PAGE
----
Hepatitis B virus (HBV) is one of the most important causes of chronic liver disease in the world. An estimated 2 billion individuals have current or past infection, and 300 to 400 million individuals, including 1.25 million people in the United States, are chronically infected. Between 25% and 40% of individuals with chronic hepatitis B die from cirrhosis or liver cancer, and more than 300,000 cases of HBV-related cancer occur each year. This makes hepatitis B the second most important carcinogen after tobacco.
Immigration patterns play an important role in the demographics of chronic hepatitis B in the United States. Although hepatitis B is not highly prevalent in the United States, individuals from areas where hepatitis B is highly prevalent have been immigrating to the United States, particularly during the past 10-15 years. This has resulted in a population of HBV-infected individuals in the United States from various backgrounds.
cccDNA, covalently closed circular DNA; dsDNA, double-strand DNA; ER, endoplasmic reticulum; HBeAg, hepatitis B e antigen; HBsAg, hepatitis B surface antigen; HBcAg, hepatitis B core antigen; mRNA, messenger RNA. This slide illustrates the lifecycle of HBV in the hepatocyte. The infectious HBV virion is taken up into the liver cell and the viral polymerase converts pregenomic RNA into partially double-stranded DNA. This is then moved to the nucleus and covalently closed circular DNA is formed. Messenger RNA is formed from the covalently closed circular DNA and moved to the cytoplasm where it is packaged. A minor strand and then a partially double-stranded DNA is formed using both the polymerase and reverse transcriptase to make a complete viral particle. Precore/core protein is used and e antigen is formed in parallel to the core/precore protein. Surface antigen is also formed from the messenger RNA. This concludes complete viral packaging and release of complete virions or subviral particles of e-antigen as well as some core antigen and surface antigen, which serve as decoys to the immune system and probably modulate the immune system directly. Hepatitis B virus is not cytopathic, except in rare situations, such as liver transplantation, where the patient has high levels of immune suppression.
HBsAg, hepatitis B surface antigen; MHC, major histocompatibility complex; TNF- , tumor necrosis factor alfa. The other part of this picture is the immune response to the HBV-infected hepatocyte expressing viral antigens. CD8+ T cells attach to the hepatocyte where major histocompatibility complex expression class I binds to antigen-presented molecules on the liver cell surface. Cytokines, such as tumor necrosis factor-alfa and interferon-gamma, stimulate a Th1 response interacting with antigen-presenting cells, both CD8+ cells and CD4+ cells, directly causing cell lysis. These immune response cytokines regulate inflammatory responses, which can result in the progression of liver disease and the worsening of fibrosis to cirrhosis. This immune and inflammatory response, either alone or in combination with advanced fibrosis and cirrhosis, can result in liver cancer.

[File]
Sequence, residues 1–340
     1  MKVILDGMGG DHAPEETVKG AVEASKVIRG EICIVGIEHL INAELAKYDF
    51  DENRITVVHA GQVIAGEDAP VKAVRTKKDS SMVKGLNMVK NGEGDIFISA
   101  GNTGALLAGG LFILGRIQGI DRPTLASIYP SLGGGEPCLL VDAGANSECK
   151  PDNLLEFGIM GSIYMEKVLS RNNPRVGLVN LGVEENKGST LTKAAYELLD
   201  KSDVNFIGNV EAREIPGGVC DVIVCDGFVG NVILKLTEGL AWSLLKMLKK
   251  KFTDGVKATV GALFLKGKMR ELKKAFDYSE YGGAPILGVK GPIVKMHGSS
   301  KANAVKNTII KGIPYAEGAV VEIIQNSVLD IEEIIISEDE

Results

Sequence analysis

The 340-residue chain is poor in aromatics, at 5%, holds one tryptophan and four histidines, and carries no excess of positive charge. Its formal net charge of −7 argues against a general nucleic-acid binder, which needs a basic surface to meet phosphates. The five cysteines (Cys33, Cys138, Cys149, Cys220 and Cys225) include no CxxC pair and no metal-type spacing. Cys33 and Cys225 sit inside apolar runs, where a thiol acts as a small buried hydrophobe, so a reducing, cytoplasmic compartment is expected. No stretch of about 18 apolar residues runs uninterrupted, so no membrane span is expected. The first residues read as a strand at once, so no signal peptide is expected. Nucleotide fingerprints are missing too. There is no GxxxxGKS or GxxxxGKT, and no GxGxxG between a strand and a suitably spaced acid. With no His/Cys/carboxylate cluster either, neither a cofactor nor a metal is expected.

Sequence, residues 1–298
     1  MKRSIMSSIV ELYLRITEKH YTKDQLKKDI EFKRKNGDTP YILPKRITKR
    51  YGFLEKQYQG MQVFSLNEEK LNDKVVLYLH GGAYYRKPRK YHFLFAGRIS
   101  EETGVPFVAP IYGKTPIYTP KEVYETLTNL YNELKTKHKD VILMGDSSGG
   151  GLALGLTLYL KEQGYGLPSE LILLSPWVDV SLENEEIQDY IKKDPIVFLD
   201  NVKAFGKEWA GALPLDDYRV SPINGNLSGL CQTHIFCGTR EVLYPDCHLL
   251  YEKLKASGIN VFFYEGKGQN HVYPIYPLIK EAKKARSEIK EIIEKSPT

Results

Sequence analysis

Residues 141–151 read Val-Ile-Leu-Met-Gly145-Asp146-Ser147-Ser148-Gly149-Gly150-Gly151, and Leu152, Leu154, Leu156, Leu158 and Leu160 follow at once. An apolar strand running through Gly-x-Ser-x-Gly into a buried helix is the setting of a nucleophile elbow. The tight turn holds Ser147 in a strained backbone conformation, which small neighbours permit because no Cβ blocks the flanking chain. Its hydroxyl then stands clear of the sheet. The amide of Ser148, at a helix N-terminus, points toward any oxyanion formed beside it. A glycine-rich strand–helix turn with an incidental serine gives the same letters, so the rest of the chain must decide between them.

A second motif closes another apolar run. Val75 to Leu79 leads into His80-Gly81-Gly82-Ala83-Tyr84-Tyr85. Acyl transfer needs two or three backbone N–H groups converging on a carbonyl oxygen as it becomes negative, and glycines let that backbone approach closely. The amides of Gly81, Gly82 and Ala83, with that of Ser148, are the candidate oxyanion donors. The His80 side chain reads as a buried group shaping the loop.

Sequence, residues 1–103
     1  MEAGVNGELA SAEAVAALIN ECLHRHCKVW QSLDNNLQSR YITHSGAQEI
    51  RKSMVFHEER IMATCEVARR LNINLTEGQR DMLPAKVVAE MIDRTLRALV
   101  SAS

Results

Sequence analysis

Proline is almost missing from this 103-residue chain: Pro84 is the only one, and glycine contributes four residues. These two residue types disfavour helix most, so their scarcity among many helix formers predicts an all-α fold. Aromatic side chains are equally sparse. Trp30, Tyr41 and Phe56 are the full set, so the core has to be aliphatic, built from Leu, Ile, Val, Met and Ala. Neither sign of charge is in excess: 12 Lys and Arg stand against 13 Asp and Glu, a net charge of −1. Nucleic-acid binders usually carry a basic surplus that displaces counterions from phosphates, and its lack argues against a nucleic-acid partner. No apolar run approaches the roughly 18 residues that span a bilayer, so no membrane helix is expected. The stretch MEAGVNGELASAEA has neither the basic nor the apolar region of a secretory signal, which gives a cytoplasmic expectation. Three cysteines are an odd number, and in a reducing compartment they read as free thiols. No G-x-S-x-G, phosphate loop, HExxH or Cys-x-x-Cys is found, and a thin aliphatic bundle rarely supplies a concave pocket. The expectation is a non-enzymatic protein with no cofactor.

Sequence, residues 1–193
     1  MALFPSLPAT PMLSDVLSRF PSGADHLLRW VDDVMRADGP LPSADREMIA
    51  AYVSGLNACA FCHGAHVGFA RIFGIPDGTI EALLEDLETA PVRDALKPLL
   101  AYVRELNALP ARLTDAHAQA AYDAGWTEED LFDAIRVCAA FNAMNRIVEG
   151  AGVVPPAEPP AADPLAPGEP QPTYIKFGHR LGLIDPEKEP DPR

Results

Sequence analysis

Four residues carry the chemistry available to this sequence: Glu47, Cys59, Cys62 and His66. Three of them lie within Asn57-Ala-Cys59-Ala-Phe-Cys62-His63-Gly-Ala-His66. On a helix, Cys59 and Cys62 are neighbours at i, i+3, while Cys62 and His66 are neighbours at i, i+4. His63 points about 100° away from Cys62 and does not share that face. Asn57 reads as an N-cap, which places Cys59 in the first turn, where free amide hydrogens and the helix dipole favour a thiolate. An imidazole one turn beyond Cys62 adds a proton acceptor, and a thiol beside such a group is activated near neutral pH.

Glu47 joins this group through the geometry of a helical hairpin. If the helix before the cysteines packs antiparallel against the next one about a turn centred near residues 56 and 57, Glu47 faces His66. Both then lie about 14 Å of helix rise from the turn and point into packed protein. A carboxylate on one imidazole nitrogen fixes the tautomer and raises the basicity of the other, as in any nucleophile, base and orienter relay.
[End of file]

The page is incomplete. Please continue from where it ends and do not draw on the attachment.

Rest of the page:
The prevalence of HBV among individuals who have immigrated to the United States from areas of high HBV prevalence was recently investigated in a study by Guan and colleagues. From 2001-2004, the overall prevalence of HBV in Asian Americans in 5 large US cities was 10.4%, which is higher than that expected for the general US population. This finding highlights the impact of immigration on HBV demographics in the United States. For more information, please go online to: http://www.clinicaloptions.com/Hepatitis/Conference Coverage/Boston 2004/Capsules/1269.aspx
HBV is associated with clinical consequences in both the acute and chronic phases of infection. Acute HBV infection can cause fatal fulminant liver failure, which is a rare but present risk. The bigger burden of disease is caused by chronic infection. Progressive liver disease can culminate in cirrhosis, liver failure, and hepatocellular carcinoma (HCC). Extrahepatic manifestations of hepatitis B are rare but can include polyarteritis nodosum and glomerular nephritis.
Efforts to reduce the burden of chronic hepatitis B disease have focused on 2 major strategies: vaccination and prevention of complications. The HBV vaccine is safe and effective and has significantly reduced the incidence of new infections. For patients already infected with chronic hepatitis B, several strategies are used to prevent liver-related complications. These strategies include lifestyle modifications—in particular, limiting alcohol intake and controlling weight—administering anti-HBV therapies if appropriate, and performing surveillance for HCC.